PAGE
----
Surface and Coatings Technology 204 (2010)
    Degradation of thermal barrier coatings (TBCs) in gas-turbine engines by molten calcium-magnesium-aluminosilicate (CMAS) glassy deposits is becoming a pressing issue, as engines are required to operate under increasingly harsh conditions. While new approaches for mitigating CMAS attack of TBCs are starting to emerge, there is a need for appropriate tests for evaluating the efficacy of those approaches. To that end, we present here a new thermal-cycling test for the evaluation of TBC performance, where a thermal gradient is applied across the TBC, with simultaneous injection of CMAS. The conditions simulated in this new test are closer to actual conditions in an engine, as compared to the conventional furnace test without thermal gradient. This new test is applied to a TBC with a new composition designed for mitigating CMAS attack, where the mitigation mechanisms are observed to be similar to those found in the conventional furnace test. However, based on a previously established mechanics model it is shown here that thermal-gradient cyclic testing is essential for evaluating thermomechanical performance of TBCs under attack by CMAS, and that the use of just the conventional furnace test can lead to the underestimation of the TBC performance. © 2010 Elsevier B.V.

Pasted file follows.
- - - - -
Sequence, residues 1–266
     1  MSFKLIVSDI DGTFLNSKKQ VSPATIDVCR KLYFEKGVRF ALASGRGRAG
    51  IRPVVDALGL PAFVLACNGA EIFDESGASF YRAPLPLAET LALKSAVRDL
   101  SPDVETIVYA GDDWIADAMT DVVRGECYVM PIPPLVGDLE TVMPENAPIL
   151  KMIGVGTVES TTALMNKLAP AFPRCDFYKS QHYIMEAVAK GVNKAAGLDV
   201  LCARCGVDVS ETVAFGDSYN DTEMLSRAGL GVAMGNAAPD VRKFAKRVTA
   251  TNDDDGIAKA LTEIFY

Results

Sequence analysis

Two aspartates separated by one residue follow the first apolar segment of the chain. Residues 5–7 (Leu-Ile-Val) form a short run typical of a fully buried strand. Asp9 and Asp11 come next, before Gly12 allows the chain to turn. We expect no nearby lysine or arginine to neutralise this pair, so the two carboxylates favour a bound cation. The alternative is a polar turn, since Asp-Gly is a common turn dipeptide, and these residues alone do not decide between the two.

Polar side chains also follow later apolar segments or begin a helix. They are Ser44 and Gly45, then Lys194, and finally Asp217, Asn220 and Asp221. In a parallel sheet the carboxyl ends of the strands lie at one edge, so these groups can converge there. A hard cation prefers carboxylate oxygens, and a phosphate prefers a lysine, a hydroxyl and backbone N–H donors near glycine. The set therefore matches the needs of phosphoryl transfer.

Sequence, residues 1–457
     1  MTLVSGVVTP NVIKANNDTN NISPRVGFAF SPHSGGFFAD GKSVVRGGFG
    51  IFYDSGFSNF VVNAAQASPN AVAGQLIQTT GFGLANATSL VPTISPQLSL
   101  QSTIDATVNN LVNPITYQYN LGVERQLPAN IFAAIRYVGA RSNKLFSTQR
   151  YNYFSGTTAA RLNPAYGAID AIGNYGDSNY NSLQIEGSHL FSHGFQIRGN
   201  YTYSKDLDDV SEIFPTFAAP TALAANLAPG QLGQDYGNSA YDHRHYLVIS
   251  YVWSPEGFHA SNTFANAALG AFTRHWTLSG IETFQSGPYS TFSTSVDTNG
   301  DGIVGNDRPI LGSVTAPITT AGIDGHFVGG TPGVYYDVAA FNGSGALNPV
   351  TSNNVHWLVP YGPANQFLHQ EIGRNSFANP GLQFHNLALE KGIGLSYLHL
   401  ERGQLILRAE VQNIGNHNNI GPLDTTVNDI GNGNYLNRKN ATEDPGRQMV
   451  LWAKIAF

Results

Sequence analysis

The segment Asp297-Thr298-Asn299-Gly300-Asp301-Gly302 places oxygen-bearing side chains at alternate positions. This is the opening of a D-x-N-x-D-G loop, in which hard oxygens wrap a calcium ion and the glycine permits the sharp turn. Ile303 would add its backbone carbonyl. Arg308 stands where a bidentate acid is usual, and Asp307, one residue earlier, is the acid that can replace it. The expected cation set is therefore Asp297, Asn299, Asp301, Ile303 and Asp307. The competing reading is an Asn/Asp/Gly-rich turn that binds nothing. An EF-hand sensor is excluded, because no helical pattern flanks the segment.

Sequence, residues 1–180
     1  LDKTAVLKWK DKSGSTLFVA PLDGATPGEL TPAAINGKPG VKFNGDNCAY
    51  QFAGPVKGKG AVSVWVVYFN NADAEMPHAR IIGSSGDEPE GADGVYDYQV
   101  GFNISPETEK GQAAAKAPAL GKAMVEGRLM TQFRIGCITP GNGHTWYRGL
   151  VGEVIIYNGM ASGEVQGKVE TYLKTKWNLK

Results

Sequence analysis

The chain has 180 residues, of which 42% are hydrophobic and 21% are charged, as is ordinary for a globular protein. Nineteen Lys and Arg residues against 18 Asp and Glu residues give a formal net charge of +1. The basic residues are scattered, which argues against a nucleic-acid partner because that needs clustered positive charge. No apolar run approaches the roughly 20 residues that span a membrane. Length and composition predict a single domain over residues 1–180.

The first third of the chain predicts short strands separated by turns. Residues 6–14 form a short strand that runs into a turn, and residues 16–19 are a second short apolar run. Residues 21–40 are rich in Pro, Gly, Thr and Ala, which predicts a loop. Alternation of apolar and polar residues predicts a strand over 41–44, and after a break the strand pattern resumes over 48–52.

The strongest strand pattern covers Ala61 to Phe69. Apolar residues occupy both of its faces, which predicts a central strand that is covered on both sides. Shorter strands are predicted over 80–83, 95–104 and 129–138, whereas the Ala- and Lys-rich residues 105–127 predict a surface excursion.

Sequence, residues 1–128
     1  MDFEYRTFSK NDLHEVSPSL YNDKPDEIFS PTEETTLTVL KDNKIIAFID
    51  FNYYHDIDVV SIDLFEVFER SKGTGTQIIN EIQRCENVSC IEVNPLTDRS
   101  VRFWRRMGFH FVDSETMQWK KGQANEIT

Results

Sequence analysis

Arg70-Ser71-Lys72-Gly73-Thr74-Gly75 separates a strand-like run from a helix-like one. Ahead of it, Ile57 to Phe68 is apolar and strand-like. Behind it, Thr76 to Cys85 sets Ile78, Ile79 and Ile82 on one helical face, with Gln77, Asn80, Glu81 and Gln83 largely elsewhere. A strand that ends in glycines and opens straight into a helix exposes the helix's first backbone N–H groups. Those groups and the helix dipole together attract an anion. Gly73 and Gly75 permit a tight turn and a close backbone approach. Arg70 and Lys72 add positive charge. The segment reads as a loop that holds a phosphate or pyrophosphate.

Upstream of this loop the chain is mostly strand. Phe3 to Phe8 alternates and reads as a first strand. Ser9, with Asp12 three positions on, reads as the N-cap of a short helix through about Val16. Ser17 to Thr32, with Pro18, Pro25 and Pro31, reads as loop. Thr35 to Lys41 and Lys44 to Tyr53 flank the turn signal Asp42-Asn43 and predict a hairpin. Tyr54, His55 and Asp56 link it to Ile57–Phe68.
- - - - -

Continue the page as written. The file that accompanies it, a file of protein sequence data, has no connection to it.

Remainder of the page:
view abstract10.1016/j.surfcoat.2010.02.026
  • Thick tool steel coatings using HVOF spraying for wear resistance applications
    Rajasekaran, B. and Mauer, G. and Vaßen, R. and Röttger, A. and Weber, S. and Theisen, W.
    Surface and Coatings Technology 205 (2010)